Django’s ORM framework is very flexible and it unfolds the easiest ways to interact with your database without explicitly writing SQL. But this flexibility also has proved some downsides where teams have varied experience and understanding of the ORM. And this discussion is an attempt to point some of those issues and approaches to tackling them.
Many developers who are new to the Django’s ORM after starting to write joins(debatable) with it, will often forget or fail to understand the idea that referencing objects via foreign key relationships will actually trigger a new query. Django has a helper
select_related to mitigate this another roundtrip to the database. I’ve noticed developers going around this and directly referencing foreign key relations. Now, let me show you the code.
1 2 article = Article.objects.get(id=12345) author = article.author # extra query, select \*from authors where id = :whatever
This pattern of usage will cost an extra round trip to the database for fetching the author and some developers make a mistake in thinking that they’ve already got the author in first-line and are now just using. This usually happens in big teams where the code gets shipped in different styles of writing and is reviewed less for these kinds of mistakes.
At a later point in time when the codebase is considerably big, and the same team using AWS Aurora like cloud database services will see a huge database bill attributed to the unnecessary database i/o. In fact, this is where most companies using Django land up when they do a cost audit and trying to reduce the bills. Ideally, with the intent to use author information as well, the above query should be written as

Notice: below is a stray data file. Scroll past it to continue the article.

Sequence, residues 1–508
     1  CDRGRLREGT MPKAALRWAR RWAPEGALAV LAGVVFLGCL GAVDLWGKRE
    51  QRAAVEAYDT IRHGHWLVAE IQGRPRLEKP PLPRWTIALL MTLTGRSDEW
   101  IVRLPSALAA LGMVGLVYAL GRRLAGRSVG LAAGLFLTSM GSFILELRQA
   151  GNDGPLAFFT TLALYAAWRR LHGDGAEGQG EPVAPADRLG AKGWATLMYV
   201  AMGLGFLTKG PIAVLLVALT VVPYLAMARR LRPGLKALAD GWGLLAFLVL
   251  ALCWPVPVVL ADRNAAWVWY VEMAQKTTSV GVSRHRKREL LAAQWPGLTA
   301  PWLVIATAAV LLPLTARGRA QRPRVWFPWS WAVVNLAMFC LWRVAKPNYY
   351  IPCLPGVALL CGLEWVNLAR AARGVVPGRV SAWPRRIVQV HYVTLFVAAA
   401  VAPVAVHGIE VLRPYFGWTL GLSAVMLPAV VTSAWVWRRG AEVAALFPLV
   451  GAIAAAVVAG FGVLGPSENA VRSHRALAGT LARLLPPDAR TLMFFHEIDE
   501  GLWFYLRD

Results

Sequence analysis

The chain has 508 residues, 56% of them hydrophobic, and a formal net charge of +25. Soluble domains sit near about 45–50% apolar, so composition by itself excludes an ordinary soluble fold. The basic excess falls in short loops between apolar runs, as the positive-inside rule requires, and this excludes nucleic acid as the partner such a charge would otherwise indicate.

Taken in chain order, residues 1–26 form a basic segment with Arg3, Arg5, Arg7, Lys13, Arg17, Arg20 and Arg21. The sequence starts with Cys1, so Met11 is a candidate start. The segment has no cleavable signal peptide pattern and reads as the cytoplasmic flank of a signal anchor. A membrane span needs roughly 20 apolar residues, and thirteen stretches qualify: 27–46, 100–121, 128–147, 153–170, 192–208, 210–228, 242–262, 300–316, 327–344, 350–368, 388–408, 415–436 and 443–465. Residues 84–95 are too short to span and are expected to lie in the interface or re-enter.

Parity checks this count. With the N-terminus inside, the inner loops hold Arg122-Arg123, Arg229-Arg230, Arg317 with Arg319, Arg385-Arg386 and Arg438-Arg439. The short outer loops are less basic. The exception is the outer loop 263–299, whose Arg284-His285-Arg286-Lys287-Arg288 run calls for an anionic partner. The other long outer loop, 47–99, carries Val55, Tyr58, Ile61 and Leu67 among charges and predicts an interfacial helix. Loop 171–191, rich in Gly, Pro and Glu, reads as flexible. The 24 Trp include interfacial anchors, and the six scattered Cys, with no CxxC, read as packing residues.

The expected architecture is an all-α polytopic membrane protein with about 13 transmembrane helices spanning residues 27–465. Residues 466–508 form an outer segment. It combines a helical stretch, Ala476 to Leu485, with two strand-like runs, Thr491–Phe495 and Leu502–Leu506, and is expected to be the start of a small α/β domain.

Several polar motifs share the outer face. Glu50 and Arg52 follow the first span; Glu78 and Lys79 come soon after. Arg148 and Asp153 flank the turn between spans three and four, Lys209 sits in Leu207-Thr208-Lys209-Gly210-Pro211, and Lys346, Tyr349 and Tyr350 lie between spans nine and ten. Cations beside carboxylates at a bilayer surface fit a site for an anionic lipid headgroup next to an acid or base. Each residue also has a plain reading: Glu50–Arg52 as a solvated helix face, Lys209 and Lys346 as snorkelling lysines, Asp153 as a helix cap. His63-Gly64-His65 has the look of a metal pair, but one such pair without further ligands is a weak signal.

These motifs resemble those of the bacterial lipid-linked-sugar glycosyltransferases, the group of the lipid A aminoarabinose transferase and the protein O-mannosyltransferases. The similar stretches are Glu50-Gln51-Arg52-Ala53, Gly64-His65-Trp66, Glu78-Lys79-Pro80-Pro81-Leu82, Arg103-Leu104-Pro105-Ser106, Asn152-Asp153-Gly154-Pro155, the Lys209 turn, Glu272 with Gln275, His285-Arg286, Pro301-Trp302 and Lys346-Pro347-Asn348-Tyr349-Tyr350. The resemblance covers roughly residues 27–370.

1 2 3 # article info too in one round trip to DB article = Article.objects.select_related('article').get(id=12345) author = article.author
But, with this huge codebase, you realize that changing all the usages of this pattern is a tedious task. But your new-relic, DB io statistics push you to optimize this to save costs. So, you come up with an idea that you should cache the author and return the cached copy when someone requests an associated author in this pattern. So, how do you achieve that?
1 2 3 4 5 6 7 8 9 10 11 12 13 14 15 16 17 class MyClass(models.Model): my_date = models.DateField() class MyClass(models.Model): _my_date = models.DateField( db_column="my_date", # allows to avoid migrating to a different column ) @property def my_date(self): return self._my_date @my_date.setter def my_date(self, value): if value > datetime.date.today(): logger.warning("The date chosen was in the future.") self._my_date = value